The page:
Ruth Behar has called herself “an anthropologist specializing in homesickness,” and her books, both fiction and non-fiction, bear this out. In her middle class novel Letters from Cuba, writes a young Jewish girl from Cuba to a sister left behind in Poland. In the memoirs for adults Heavy travelBorn in Cuba to a Jewish family and later emigrated to the United States, Behar explores her own evolving relationship with cultural identity during her travels and training as an anthropologist. her latest work, Tía Fortuna’s New Home: A Jewish Cuban Journey (Knopf, Jan. 25), puts the theme at the center of a picture book illustrated by Devon Holzwarth, which in our review calls a “nostalgic look at a little-known but rich culture within the wider Jewish-American community.” It tells the story of a young girl who helps her aunt, an elderly Jewish Cuban woman who has lived in the beautiful Seaway condominium in Miami for a long time, to move on. With an eye to the past and hope for the future, aunt and niece work together on a new chapter. We spoke to Behar by Zoom for more information. Our conversation has been edited for length and clarity.
How did your background as an anthropologist contribute to this book?
I see anthropology as a discipline about the search for home. There are many people, like myself, whom I call diasporic anthropologists. We go back to where we or our families come from and do research there. And then if we go back to where we actually live, which in my case is Michigan – which is, well, not really Cuba [laughs]I feel homesick when I’m here, and when I’m in Cuba I realize that a strong part of me is American and couldn’t be more Cuban. Anthropology gave me a framework and a philosophy to think about. In this part of my life, this parallel career where I write the things I’ve always loved – poetry and fiction for young people – I have a new way of talking about ideas I’ve spent so long untangling for myself. .
What were you focused on, telling a story for young readers?
In many ways, I found it much harder to write a picture book than a middle-aged novel! I had to be so much more precise.
More like writing poetry?
Yes, much more like writing poetry – like a long prose poem. I loved that aspect of it, but if I was writing a novel I would have wondered, Well who was Tía Fortuna† And there was all this context that I would have filled in with a novel or ethnography.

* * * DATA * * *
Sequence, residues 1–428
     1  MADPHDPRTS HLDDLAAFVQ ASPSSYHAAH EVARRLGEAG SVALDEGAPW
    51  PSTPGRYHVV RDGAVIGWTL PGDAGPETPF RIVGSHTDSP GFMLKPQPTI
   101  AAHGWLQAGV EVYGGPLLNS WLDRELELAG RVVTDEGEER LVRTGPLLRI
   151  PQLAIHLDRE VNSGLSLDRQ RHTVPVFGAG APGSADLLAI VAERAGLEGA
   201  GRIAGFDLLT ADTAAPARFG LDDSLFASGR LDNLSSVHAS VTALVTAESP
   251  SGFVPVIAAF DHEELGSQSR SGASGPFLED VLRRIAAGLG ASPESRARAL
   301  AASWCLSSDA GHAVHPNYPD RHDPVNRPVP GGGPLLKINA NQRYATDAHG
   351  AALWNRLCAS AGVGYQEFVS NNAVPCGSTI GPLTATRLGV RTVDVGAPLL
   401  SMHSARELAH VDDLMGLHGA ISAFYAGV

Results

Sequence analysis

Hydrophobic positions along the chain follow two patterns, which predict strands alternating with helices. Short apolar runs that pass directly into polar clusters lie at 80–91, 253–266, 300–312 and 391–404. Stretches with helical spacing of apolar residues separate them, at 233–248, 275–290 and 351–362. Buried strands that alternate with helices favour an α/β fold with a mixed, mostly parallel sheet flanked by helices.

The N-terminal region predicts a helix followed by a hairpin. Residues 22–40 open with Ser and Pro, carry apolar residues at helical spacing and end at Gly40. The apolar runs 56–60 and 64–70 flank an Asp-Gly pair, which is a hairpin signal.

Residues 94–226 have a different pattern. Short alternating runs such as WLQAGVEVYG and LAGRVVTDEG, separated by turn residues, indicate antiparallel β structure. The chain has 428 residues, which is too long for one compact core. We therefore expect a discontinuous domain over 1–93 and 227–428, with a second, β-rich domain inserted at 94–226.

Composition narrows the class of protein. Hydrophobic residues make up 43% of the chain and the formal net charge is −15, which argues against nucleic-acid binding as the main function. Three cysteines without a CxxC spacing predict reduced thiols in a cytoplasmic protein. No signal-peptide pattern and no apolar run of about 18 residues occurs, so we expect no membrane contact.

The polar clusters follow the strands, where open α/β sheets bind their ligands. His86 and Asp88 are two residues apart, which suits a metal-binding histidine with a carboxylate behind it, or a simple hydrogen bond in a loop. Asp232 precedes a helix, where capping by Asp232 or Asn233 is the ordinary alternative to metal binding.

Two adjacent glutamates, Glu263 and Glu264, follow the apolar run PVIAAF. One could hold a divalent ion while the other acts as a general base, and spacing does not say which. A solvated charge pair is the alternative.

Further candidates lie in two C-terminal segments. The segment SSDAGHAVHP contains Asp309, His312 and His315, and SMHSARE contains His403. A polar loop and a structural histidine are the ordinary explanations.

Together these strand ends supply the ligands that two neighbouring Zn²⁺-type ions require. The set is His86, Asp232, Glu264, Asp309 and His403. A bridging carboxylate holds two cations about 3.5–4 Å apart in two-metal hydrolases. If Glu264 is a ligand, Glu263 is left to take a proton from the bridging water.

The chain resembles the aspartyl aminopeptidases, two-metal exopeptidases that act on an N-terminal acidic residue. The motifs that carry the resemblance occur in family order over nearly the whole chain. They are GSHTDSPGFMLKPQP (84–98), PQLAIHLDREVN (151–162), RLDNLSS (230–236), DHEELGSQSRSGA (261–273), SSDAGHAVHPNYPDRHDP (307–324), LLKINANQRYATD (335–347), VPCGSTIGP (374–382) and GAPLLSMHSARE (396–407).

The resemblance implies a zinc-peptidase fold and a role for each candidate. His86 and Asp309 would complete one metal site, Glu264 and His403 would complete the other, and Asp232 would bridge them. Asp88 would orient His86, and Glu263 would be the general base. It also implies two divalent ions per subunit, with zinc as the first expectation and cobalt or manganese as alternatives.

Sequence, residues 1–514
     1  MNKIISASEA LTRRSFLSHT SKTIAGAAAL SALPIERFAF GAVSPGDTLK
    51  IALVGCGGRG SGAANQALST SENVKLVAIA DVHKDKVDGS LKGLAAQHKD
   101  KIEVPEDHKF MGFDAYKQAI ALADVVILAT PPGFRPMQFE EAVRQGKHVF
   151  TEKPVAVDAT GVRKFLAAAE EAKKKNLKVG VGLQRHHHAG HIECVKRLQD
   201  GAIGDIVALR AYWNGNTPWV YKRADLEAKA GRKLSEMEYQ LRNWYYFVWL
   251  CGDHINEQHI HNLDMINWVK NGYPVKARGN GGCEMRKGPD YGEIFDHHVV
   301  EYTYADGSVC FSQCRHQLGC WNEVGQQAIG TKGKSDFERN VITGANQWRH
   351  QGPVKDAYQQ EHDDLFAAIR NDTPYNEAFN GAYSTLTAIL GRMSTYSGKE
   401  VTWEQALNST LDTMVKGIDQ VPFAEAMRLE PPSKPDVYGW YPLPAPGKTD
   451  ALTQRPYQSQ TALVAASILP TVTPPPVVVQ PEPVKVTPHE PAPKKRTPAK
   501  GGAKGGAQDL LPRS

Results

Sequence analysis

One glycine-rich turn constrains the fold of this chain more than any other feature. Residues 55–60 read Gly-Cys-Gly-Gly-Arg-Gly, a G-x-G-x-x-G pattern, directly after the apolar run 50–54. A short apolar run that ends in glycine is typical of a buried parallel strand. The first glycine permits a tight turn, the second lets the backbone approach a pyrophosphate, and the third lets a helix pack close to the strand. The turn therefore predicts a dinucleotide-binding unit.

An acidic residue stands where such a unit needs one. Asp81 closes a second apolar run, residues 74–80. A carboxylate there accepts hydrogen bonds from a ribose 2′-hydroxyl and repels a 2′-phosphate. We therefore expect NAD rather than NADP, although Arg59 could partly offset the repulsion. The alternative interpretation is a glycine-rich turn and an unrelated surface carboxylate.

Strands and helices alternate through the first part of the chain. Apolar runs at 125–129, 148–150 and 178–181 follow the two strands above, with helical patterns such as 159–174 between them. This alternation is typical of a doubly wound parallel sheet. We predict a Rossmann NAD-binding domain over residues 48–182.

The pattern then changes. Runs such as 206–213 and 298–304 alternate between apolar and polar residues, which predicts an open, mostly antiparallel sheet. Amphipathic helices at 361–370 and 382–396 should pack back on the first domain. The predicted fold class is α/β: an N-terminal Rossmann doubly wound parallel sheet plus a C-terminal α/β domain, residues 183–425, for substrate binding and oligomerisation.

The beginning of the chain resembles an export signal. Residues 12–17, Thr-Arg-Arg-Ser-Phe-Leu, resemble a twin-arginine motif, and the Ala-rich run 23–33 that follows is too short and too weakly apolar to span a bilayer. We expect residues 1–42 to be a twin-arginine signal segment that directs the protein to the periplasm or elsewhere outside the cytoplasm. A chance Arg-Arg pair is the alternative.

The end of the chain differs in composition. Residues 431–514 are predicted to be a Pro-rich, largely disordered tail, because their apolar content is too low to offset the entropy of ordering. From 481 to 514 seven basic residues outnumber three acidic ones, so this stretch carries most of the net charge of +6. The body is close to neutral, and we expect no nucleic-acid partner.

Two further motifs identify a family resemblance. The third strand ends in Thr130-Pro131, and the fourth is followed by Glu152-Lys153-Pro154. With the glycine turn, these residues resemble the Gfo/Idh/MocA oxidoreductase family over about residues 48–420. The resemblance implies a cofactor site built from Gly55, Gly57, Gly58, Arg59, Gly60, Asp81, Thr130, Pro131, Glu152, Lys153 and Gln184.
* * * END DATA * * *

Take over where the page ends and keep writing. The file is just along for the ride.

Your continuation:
There are so many themes that come up in this story: loss; to spread; the acceptance of loss, of aging, of mortality.
It was about passing on culture to another generation, but with pleasure, because you don’t want to saddle a child with all the melancholy of the Sephardic story. How do you convey that beauty and resilience in a children’s story? I focused on symbols – foods like the bourekas and the ojitos, the evil eyes. All these traditions mean a lot to me. And the place itself, the Seaway, which is a real place and which was supposed to be demolished. I remember visiting these beautiful casitas that were right on the beach, and I thought about what leaving that place would mean for Fortuna as a diaspora woman.
I loved the way she said goodbye to her surroundings, like old friends.
I saw moving on and accepting new places as part of her heritage. She is from Cuba, but her parents are from Turkey and before that from Spain. Her farewell to the space was her heritage that spoke, but there is also a magical element to how she says goodbye. I wanted everything to be a little alive for Tía Fortuna. And I loved the idea of the magic of trees that last so long.
How did the collaboration with your illustrator, Devon Holzwarth, go?
I sent her a lot of pictures! Pillows – because I thought Tía Fortuna would have a lot of embroidered pillows – and evil eye bracelets and hamsas. Devon did such an amazing job adding the interior details of the house. Since it is a story about the loss of a house by Fortuna, the interior details were very important to me.
A Spanish edition will be released at the same time as the English version – have you considered translating the text yourself?
I was self-conscious about translating. I speak Spanish all the time, but I was concerned about choosing the right words and grammar. I insisted on revising the translation, but in the end I made very few changes. Yitzia Yani is also Sephardic and Cuban, and she did a fantastic job. I’m absolutely thrilled that the two editions are coming out simultaneously. I wanted to release a Ladino edition at the same time, but let’s see how the Spanish version does first.
What are you working on now?
My next novel is a middle-class novel, and it’s like I haven’t worked on anything before. It follows four characters from different time periods. All four are Sephardic, and they are all young women who struggle with different facets of identity and religion. They all have very revolution-oriented stories.
Ilana Bensussen Epstein is a writer and filmmaker based in Boston†